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Consumer affairs ministry seeks removal of import bar to check pulses price hike

This year, the government has allowed 400,000 tonnes of tur dal import and the window closes on Friday. The import window for urad and moong closed on October 31. “Like onion, pulses may also see a steep price rise. Delay in allowing imports will ...

, ET Bureau|
Nov 15, 2019, 12.22 PM IST
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Prices of pulses, especially tur dal, have crossed the Rs 100 a kilogram.
New Delhi: The consumer affairs ministry has recommended removal of quantitative restrictions on import of pulses to preempt any price rise because of low production, a senior official said.

This year, the government has allowed 400,000 tonnes of tur dal import and the window closes on Friday. The import window for urad and moong closed on October 31. “Like onion, pulses may also see a steep price rise. Delay in allowing imports will not help,” said the consumer affairs ministry official.

Prices of pulses, especially tur dal, have crossed the Rs 100 a kilogram. As per the food ministry, the availability of pulses is just enough to meet the domestic requirement and any deviation will result in shortage.

“We need more supply through imports to ease pressure. Restrictions on imports make sense when production is ample. But in such a situation, when pulses output is estimated to be low, restrictions will increase prices,” the official said.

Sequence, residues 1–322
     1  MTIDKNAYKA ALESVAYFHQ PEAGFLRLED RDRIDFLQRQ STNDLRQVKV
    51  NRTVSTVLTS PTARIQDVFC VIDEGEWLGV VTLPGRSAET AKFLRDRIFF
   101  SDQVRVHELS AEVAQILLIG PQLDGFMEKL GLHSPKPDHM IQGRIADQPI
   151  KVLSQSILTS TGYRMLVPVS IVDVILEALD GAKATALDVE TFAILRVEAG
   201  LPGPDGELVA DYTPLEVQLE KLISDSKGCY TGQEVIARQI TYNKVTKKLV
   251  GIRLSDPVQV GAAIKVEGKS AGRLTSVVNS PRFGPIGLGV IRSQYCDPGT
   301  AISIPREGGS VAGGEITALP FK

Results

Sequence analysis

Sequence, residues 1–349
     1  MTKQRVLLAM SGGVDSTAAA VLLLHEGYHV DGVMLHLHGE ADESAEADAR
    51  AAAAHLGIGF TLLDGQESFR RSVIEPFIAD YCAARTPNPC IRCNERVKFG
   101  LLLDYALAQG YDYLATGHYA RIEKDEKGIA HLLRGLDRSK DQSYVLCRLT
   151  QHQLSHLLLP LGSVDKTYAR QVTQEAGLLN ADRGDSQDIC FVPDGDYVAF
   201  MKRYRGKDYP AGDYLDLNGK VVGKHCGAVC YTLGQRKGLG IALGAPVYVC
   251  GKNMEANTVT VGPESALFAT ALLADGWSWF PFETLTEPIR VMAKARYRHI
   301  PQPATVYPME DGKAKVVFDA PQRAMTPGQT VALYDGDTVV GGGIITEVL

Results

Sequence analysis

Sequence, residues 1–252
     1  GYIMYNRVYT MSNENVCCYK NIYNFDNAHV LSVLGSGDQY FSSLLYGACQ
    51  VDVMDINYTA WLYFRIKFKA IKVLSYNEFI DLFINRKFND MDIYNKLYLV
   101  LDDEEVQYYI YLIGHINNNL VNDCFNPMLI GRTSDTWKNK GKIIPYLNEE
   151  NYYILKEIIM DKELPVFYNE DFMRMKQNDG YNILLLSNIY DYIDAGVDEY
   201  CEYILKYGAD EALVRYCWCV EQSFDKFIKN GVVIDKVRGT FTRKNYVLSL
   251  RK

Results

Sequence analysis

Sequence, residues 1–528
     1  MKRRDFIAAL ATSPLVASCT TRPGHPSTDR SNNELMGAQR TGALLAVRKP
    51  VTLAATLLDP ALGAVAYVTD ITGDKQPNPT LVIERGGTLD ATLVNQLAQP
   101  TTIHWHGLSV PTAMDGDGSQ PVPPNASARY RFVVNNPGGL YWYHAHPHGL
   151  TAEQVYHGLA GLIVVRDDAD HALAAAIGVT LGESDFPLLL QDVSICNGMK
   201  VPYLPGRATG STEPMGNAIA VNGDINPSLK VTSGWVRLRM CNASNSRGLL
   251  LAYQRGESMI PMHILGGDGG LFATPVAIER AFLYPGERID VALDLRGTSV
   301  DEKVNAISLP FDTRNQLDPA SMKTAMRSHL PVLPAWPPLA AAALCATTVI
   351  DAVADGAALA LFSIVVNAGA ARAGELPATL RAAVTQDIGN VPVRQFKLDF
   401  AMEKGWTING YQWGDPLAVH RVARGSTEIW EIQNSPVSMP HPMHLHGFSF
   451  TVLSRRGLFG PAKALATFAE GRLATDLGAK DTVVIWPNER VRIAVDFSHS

The domestic demand for pulses has been pegged at 25.4 million tonnes (MT) for this year. The availability of the commodity in the country is about 25.6 MT, including the buffer stock of 0.8 MT of tur and 1.5 MT of chana.

“Crops of pulses, including tur, are reportedly damaged due to excessive rain in Karnataka and Maharashtra. We will need imports to cool prices,” the official said. Urad is in an alarming position with almost 50% of the crop damaged in the major growing states of Madhya Pradesh in excessive rain.

“India’s pulses imports are expected to jump significantly to meet the deficit. We are waiting for the government to open up imports,” said Zaverchand Bheda, chairman of the Indian Pulses and Grains Association (IPGA).

The government is monitoring the price of pulses and has asked the National Agricultural Cooperative Marketing Federation of India and Mother Dairy to sell pulses at Rs 85 a kg in the retail market.

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